It’s amazing how something as basic as the premise of love can cause so much suffering. I use the term ‘basic’ here as in a base feeling, not as something simple. I think about this a lot particular as it relates to my children; all children, really. As I have grown older, something I took for granted as a child seems to be quite rare: my parents told me, probably daily, “I love you”. They would say this directly to me, looking me in the eyes, and they would include “I” as part of it. I point that out because the watered down versions are many: “love ya'” “love you” “lots of love”, etc. I think there is something very powerful and personal when it is intentionally said with these exact three words… I love you.
“Love ya, brother” or “Love you man” are popular to say between men. It almost doesn’t matter the relationship, whether former roommates in school or a dad talking with his son, the lack of “I” and “you” are painfully evident. Why? I suppose because of various societal norms, but I would like to see those norms changed.
Today my youngest son really helped out with some things that needed help. Afterward I said, “Thank you for all you did today. I appreciate it. I love you.” Well, actually I texted him because he was elsewhere, but he was on my mind and I wanted him to know how I felt. Rarely a day goes by that I don’t tell him this directly, while looking him in the eye, just like my dad did for me. As I talk with friends that didn’t have this experience as a child, they sound pained, but almost every time play it off like it’s some kind of a joke, most likely because they are hurting. It’s not a joke though, it changes everything.
It’s funny how social constructs develop, and how normative behavior changes from culture to culture. The first time my parents visited me at college, they came to my fraternity. It had a big foyer, and it was usually quite busy with other guys in the house coming and going. When my parents showed up they rang the bell, and I answered. I was so happy to see them both! I gave each a kiss and a hug and welcomed them in. Did you catch that last part? I gave both of them…my mom AND my dad… a kiss and a hug. I thought nothing of it, it was how I was raised. It wasn’t weird to me, in fact it was extremely normal. I learned very quickly that was society expects of me, at least at a fraternity in America, is to kiss and hug my mom, and maybe…maybe…hug my dad, or else I can give him a firm handshake. The other guys in the how that witnessed their arrival were absolutely stunned that I showed that level of affection to my parents, and you know what? I was embarrassed. I didn’t know I was supposed to be embarrassed, but as they all took turns sharing their incredible disbelief at what they saw, I felt shame and embarrassment. Interestingly, both of those feelings are social constructs as well. How do I know? In other parts of the world, what we did would be seen as perfectly normal. In fact, it would seem weird for me to NOT greet them both that way. Society has a strange way of trying to force us into certain patterns and behaviors over time, seemingly only for the purpose of preserving itself, not the individual.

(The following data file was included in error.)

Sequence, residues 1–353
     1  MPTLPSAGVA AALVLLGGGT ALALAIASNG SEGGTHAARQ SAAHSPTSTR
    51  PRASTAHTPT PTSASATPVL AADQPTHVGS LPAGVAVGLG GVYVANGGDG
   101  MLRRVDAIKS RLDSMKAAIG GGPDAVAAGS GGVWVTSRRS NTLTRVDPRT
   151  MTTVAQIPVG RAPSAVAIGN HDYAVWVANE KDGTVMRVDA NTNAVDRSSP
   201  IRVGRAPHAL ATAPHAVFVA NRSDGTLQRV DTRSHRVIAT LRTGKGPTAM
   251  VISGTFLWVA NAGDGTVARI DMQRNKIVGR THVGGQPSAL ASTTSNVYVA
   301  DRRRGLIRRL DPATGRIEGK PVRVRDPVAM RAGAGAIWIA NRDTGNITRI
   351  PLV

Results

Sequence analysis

Years later, I think back upon that time without a shred of shame or embarrassment. What I lucky man I am to have had parents that both told me they loved me; but they didn’t just say it, they showed it! It’s incredibly rare I have found, as I talk with others about how we were raised. I wish “I love you” and “I’m proud of you” were common things among all households, but it seems they are not.
It’s easy to change that dynamic though, because it really is just a construct, and social constructs, by their nature, change (evolve?) over time. Every chance I get, I tell my kids that I love them. Not to the point that it gets watered down, for if everything is special then nothing is special, but in a way and with such timing as I can be sure they hear it. Not just hear it, but understand it… feel it. I hope they will do the same for their children (I think they will), and they will do it with their children, and so on. That is how we shift societal constructs from something that is awkward and unusual to something that is natural and appreciated.